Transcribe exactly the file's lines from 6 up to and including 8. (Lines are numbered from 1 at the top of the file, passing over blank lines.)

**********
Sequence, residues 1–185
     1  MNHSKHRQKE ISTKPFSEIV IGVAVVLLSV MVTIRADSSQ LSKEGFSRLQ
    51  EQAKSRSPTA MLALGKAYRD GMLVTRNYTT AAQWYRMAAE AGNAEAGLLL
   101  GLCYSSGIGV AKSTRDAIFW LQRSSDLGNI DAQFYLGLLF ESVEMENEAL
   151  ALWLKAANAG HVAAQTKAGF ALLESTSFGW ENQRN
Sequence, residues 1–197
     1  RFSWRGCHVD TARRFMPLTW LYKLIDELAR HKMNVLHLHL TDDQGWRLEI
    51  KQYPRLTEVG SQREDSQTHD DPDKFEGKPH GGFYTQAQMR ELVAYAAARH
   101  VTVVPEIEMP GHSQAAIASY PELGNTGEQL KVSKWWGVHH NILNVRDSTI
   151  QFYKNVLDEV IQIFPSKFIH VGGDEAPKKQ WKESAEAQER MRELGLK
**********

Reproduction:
Sequence, residues 1–197
     1  RFSWRGCHVD TARRFMPLTW LYKLIDELAR HKMNVLHLHL TDDQGWRLEI
    51  KQYPRLTEVG SQREDSQTHD DPDKFEGKPH GGFYTQAQMR ELVAYAAARH